be shown Friday evening for in- -Bdi
ternational students.
Meanwhile, in the quads and
dorms, residents will be enjoying By PETE ECKSTEIN
special Thanksgiving dinners to-
morrw inSouh Qud ad Piice Prof. Kenneth Boulding of t:
morrow in South Quad and Alice economics department yester
Lloyd Hall. The meals will be pre- descrived the current decline
ceded by punch in the dorm farm prices as a "minor readju
lounges._

ave
in-
es-
kin
ded
ow-
e a
nly
am,

Boys staying over the -holiday
number 550, while there are only
125 girls, staying, Leonard A.
Schaadt, Business Manager of the
residence halls said yesterday.
Students Allowed Guests'
"We expect to put on a very
nice meal," Schaadt said, "and the

'Tauber Calls
For Better
Organization
Adams Stresses
Treasury Order
By GAIL GOLDSTEIN
Reelected by acclamation at the
Student Government Council meet-
ing yesterday, Hank Berliner, '56,,
kept his position as president of
the Council.
Joel Tauber 57, defeated Dick
Good, '56, for the vice-presidency
and Bill Adams, '57, was elected
treasurer by acclamation after
Good declined in favor of Adams.,
Adams declined the nomination
for the vice-presidency in favor
of Tauber,.
Nominated by Daily Managing
Editor Dave Baad, '56, Tauber em-
phasized needed coordination of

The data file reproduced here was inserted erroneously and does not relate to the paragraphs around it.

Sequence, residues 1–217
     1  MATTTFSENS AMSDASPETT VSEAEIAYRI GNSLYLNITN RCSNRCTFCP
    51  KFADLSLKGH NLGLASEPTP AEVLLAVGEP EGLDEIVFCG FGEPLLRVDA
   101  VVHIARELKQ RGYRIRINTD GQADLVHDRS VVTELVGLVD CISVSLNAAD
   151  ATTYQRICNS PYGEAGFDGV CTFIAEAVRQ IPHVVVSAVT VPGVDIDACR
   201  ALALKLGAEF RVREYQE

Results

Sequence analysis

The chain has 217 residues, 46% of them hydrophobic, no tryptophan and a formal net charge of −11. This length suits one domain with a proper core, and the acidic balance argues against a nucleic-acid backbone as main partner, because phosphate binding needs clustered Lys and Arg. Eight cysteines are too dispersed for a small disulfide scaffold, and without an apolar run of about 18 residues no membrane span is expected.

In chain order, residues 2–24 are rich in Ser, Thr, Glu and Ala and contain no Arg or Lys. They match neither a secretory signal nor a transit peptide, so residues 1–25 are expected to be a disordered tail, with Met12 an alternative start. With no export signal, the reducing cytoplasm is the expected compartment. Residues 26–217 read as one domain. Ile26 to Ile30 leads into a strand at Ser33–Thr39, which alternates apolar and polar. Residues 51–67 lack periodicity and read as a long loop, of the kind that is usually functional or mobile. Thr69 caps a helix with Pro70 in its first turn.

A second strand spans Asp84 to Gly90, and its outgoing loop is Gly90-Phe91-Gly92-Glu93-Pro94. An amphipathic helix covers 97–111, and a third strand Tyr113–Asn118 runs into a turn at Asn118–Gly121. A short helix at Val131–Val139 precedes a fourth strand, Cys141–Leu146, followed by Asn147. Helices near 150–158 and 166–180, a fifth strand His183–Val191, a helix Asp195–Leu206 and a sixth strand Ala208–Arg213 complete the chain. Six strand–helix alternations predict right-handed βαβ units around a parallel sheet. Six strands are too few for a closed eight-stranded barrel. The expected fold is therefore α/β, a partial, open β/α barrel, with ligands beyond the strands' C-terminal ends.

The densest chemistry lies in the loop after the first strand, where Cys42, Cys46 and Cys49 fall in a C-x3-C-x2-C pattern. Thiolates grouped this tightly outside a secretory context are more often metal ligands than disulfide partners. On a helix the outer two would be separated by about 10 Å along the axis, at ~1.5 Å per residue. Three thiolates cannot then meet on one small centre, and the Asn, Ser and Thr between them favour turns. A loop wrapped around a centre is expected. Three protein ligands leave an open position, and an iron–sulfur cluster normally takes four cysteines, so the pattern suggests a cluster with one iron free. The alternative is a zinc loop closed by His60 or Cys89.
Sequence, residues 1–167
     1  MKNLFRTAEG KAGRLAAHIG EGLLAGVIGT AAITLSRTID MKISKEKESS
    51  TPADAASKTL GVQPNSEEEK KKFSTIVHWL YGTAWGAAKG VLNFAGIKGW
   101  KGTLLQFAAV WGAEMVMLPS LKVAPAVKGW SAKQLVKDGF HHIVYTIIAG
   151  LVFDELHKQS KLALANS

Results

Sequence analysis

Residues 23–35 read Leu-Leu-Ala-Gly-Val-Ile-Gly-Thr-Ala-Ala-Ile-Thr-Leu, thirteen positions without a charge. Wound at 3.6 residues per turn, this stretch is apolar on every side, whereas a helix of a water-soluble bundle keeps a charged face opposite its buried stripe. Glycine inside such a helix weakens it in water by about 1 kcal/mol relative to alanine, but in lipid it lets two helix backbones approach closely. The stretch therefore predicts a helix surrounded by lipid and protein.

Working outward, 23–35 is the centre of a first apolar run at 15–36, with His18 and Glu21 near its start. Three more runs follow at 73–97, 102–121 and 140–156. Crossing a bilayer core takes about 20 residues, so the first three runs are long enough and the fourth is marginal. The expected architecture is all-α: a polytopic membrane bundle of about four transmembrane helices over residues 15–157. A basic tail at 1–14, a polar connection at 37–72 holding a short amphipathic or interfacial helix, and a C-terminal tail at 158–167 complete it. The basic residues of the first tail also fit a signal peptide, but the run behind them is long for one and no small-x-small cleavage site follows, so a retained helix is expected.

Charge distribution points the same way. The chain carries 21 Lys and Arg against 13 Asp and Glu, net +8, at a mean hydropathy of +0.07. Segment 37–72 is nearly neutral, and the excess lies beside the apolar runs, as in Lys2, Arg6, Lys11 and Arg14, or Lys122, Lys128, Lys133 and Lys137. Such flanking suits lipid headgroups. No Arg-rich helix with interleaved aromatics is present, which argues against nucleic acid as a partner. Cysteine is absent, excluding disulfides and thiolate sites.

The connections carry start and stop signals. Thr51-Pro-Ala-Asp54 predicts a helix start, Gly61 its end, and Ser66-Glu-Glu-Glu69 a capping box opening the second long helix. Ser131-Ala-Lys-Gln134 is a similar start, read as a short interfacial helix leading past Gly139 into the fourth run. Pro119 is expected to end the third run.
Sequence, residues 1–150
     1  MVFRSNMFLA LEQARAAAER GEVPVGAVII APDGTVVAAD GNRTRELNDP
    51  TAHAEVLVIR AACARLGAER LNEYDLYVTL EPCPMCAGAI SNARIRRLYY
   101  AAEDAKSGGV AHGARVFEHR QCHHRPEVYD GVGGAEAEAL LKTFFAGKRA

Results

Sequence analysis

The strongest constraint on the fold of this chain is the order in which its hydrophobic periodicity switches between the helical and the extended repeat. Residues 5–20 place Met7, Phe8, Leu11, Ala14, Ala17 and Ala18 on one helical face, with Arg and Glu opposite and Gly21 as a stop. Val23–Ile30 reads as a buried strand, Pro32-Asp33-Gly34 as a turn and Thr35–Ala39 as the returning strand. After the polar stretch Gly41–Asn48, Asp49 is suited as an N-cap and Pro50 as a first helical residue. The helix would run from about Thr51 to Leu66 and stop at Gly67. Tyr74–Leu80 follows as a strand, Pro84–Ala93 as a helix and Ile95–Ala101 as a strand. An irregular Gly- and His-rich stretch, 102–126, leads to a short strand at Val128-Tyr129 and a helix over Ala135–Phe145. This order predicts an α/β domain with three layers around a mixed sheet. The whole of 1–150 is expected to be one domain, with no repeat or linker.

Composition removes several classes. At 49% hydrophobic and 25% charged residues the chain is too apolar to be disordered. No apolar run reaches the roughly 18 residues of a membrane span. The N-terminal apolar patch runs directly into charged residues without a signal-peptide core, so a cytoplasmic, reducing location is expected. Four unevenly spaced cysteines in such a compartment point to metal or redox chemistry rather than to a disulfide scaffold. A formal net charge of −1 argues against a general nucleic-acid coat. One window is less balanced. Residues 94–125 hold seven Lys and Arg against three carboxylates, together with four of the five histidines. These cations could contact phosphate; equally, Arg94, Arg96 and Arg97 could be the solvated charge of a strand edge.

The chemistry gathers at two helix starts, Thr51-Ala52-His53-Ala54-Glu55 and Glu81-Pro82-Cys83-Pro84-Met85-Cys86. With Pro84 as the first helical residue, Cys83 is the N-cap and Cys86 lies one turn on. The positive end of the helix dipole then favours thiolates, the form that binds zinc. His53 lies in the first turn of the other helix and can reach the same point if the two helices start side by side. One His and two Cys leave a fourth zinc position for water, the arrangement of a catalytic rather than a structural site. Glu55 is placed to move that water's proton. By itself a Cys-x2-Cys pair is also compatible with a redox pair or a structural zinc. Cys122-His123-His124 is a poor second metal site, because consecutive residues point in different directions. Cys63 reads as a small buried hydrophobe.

dommittees with the vice-president
who is in charge of four of these
groups.
Improved Group Organization
He also advocated an improved
organization of the Interviewing
and Nominating committee of the
Council and said SGC should
strivenfor a better integration of
student organizations.
Adams stressed the need for Wan
order lyand planned treasury with
monthly financial reports to the
Council. He said that a compre-
hensive set of books should be set
up which would be open for con-
sultation by anyone desiring to
know where the Council's finanees
were being 'spent.
Barbara McGrath, '57 Merrill
Kaufman, '56E, George Davidson,
Henry Aughey, '56 NR, .and John
Wrona, '57, as alternate, were
named -to the Student Activities
Scholarship Board last night with
Kaufman acting. as temporary'
chairman. Davidson and Miss Mc-
Grath will serve two-year terms,
with Kaufman and Aughey serv-
ing one year.
Urges Committee Reorganzation
Inter House Council president
Tom Bleha, '56, speaking for the
Structure Study Committee pre-
sented a recommendation to the
Council providing for a reorgani-
zation of the committee structure
of the Council.
Substituting for the present
three standing committees; Cam-
pus Affairs, Public Relations and'
International and Human Welfare,
Sthe report named as committees
National and International Affairs,
Educational and Social Welfare,
Coordination and Counseling Com-
mittee, and Student Representa-
tion Committee all under the vice-
president of the Council.
Other committees would be Pub-
lic Relations and Campus Affairs
which along with the Administra-
tive Wing and the finance com-
mittee would be under the treas-
urer.
Passed unaimously, the recom-
mendation brought questions from
Baad pertaining to available per-
sonnel for chairing the commit-
tees. Bleha said that further ques-
Lions of this type would be answer-
ed in the final report of the study
committee to be made sometime
before Christmas vacation.
Bleha said that the new struc-